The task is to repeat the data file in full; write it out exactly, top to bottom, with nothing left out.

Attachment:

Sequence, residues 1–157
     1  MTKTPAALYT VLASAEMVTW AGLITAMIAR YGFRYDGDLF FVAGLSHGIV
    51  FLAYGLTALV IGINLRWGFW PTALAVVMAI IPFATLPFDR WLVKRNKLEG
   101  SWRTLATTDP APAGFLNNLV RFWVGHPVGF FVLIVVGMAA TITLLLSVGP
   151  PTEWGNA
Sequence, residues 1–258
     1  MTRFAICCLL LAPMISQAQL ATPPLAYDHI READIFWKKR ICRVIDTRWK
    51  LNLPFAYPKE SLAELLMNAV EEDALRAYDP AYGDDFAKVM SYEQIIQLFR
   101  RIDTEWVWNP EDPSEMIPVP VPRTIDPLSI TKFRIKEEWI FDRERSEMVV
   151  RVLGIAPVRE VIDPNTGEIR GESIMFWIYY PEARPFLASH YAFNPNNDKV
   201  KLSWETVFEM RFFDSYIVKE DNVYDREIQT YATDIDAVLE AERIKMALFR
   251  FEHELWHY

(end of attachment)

Sequence, residues 1–157
     1  MTKTPAALYT VLASAEMVTW AGLITAMIAR YGFRYDGDLF FVAGLSHGIV
    51  FLAYGLTALV IGINLRWGFW PTALAVVMAI IPFATLPFDR WLVKRNKLEG
   101  SWRTLATTDP APAGFLNNLV RFWVGHPVGF FVLIVVGMAA TITLLLSVGP
   151  PTEWGNA
Sequence, residues 1–258
     1  MTRFAICCLL LAPMISQAQL ATPPLAYDHI READIFWKKR ICRVIDTRWK
    51  LNLPFAYPKE SLAELLMNAV EEDALRAYDP AYGDDFAKVM SYEQIIQLFR
   101  RIDTEWVWNP EDPSEMIPVP VPRTIDPLSI TKFRIKEEWI FDRERSEMVV
   151  RVLGIAPVRE VIDPNTGEIR GESIMFWIYY PEARPFLASH YAFNPNNDKV
   201  KLSWETVFEM RFFDSYIVKE DNVYDREIQT YATDIDAVLE AERIKMALFR
   251  FEHELWHY